We’ve always been inspired by the natural world, especially for colour combinations. We recently created a trio of colourways inspired by the Northern Lights. We noticed that the way the plastic moves and fades was incredibly reminiscent of this natural phenomenon and therefore wanted to highlight this by studying the colours that are commonly seen together in the parts of the world where the Northern Lights occur.
Covid put a halt to our plans of redesigning and building our large hydraulic press early this year, but that won’t stop us. Ultimately, it’s been a good thing to be forced to take some time to reflect on the design even more. This machine will mean that we can continue making furniture designs. In the meantime we are expanding our range of homewares, and we want to train up more people to join our team! We are thinking about taking on apprentices – this is a craft after all, and it takes a serious amount of time to train to make our work. We’re really passionate about craft, and believe that we can really inspire young people to get making.
Louise: There are hurdles all over the place – you have to be stubborn! You do, of course, have to be very committed to the concept, and use your imagination when trying to think of solutions to the random waste you encounter in your business. We receive some materials that are mixed in with the plastic we collect, such as tissue paper, that isn’t a problem as we can reuse this in our packaging, and any we don’t need is easily recyclable. Other things however aren’t as easily solvable, for example silica bead pouches – we haven’t found a solution to what to do with these yet, so we are collecting them until we do!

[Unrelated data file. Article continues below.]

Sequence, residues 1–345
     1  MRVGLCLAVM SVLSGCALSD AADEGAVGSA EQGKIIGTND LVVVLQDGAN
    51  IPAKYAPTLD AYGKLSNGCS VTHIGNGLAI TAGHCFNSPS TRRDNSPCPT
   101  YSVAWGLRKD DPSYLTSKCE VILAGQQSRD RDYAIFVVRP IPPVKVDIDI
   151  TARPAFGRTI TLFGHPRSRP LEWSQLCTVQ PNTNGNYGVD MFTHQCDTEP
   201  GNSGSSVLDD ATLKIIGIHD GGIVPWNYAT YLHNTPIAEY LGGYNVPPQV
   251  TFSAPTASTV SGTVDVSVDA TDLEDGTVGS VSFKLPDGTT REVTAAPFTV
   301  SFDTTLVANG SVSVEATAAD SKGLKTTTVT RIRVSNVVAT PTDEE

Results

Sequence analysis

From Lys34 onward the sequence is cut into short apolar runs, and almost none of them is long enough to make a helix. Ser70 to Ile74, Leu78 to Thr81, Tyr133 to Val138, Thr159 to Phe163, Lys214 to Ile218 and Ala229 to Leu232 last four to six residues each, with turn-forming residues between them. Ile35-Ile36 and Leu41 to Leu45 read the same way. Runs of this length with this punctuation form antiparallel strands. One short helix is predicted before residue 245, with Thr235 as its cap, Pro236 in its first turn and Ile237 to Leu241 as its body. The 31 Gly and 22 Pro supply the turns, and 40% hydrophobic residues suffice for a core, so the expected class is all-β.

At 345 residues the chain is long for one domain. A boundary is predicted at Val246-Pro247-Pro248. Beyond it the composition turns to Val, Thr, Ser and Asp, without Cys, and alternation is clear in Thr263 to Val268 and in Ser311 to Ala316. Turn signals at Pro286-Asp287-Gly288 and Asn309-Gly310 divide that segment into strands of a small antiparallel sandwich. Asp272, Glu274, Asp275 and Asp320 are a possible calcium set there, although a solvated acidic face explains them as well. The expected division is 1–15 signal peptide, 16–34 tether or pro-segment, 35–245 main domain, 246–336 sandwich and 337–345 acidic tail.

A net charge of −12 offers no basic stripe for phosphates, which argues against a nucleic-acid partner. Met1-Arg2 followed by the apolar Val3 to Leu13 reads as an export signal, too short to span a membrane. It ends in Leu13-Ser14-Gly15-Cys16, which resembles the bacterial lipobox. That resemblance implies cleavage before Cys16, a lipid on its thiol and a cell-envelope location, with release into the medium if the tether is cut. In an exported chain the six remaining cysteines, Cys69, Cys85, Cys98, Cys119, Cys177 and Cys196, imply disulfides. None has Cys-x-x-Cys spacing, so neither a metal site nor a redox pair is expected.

Merl: Relying on other businesses’ waste material has always posed some unique problems. In particular, how to keep a steady supply. There have been times we’ve collected far too much plastic and not been able to get through it all before needing to collect more from another business – plastic takes up a lot of space before it’s melted down, and so on a few occasions we have been totally surrounded by it in the studio and had to literally melt our way out! We can see the funny side of it now, but it can be a bit of a logistical nightmare.
The infrastructure is just not there yet to support the meaningful recycling of plastics from the home – especially polyethylene and polypropylene. Therefore, however obvious it sounds, avoiding single use plastics is absolutely the first step to take whenever you can. Sometimes it is impossible to avoid it – if you have to shop in certain places for example – and so in these situations you can get in touch with these shops and suggest things like recycling options in store, grain dispensers, and loose fruit and veg. The more pressure these companies get from their customers, the more likely they are to continue to think of solutions. All the major supermarkets have plastic-reducing goals planned, but none have committed to fully phasing it out.
Be wary of compostable packaging as well – unless it says it’s plant based it will still be the same plastic but with compounds added to allow it to break down in commercial composting, so this is not a guilt free alternative! Plant-based plastic, like vegware and potato-starch-based plastic, is great as it’s fully biodegradable, but if it’s not composted it’ll end up in landfill or in the sea, and then it’s pretty much just as bad as if it were non-compostable plastic. So access to composting facilities needs to improve, as well as consumers actually utilising them for this kind of material. We ultimately need systems that work with each other, just like how nature’s systems feed each other and waste isn’t a thing. We can do it, and the ball is rolling now so we should see a lot of change in the next few years.